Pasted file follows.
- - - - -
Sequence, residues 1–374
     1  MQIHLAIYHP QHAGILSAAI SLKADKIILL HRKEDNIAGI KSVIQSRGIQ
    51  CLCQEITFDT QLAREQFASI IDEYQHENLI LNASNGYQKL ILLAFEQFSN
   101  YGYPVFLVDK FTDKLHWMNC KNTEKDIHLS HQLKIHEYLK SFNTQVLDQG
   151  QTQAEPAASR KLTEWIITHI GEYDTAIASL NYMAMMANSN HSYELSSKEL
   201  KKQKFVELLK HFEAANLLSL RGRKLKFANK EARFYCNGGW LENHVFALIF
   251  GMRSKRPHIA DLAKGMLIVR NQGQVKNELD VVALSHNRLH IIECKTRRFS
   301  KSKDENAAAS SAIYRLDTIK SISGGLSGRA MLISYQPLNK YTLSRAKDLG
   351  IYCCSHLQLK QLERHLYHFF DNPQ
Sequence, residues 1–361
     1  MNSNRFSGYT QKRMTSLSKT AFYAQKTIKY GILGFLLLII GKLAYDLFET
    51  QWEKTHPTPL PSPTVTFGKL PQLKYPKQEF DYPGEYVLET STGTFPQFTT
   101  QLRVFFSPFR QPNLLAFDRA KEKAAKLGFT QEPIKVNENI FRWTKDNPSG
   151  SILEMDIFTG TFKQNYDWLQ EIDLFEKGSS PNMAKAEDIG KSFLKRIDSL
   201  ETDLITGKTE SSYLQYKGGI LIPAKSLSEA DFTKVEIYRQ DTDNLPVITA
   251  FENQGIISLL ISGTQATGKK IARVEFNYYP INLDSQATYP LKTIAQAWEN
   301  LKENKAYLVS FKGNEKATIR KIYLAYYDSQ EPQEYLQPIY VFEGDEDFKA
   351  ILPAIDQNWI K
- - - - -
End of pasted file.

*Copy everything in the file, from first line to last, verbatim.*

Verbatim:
Sequence, residues 1–374
     1  MQIHLAIYHP QHAGILSAAI SLKADKIILL HRKEDNIAGI KSVIQSRGIQ
    51  CLCQEITFDT QLAREQFASI IDEYQHENLI LNASNGYQKL ILLAFEQFSN
   101  YGYPVFLVDK FTDKLHWMNC KNTEKDIHLS HQLKIHEYLK SFNTQVLDQG
   151  QTQAEPAASR KLTEWIITHI GEYDTAIASL NYMAMMANSN HSYELSSKEL
   201  KKQKFVELLK HFEAANLLSL RGRKLKFANK EARFYCNGGW LENHVFALIF
   251  GMRSKRPHIA DLAKGMLIVR NQGQVKNELD VVALSHNRLH IIECKTRRFS
   301  KSKDENAAAS SAIYRLDTIK SISGGLSGRA MLISYQPLNK YTLSRAKDLG
   351  IYCCSHLQLK QLERHLYHFF DNPQ
Sequence, residues 1–361
     1  MNSNRFSGYT QKRMTSLSKT AFYAQKTIKY GILGFLLLII GKLAYDLFET
    51  QWEKTHPTPL PSPTVTFGKL PQLKYPKQEF DYPGEYVLET STGTFPQFTT
   101  QLRVFFSPFR QPNLLAFDRA KEKAAKLGFT QEPIKVNENI FRWTKDNPSG
   151  SILEMDIFTG TFKQNYDWLQ EIDLFEKGSS PNMAKAEDIG KSFLKRIDSL
   201  ETDLITGKTE SSYLQYKGGI LIPAKSLSEA DFTKVEIYRQ DTDNLPVITA
   251  FENQGIISLL ISGTQATGKK IARVEFNYYP INLDSQATYP LKTIAQAWEN
   301  LKENKAYLVS FKGNEKATIR KIYLAYYDSQ EPQEYLQPIY VFEGDEDFKA
   351  ILPAIDQNWI K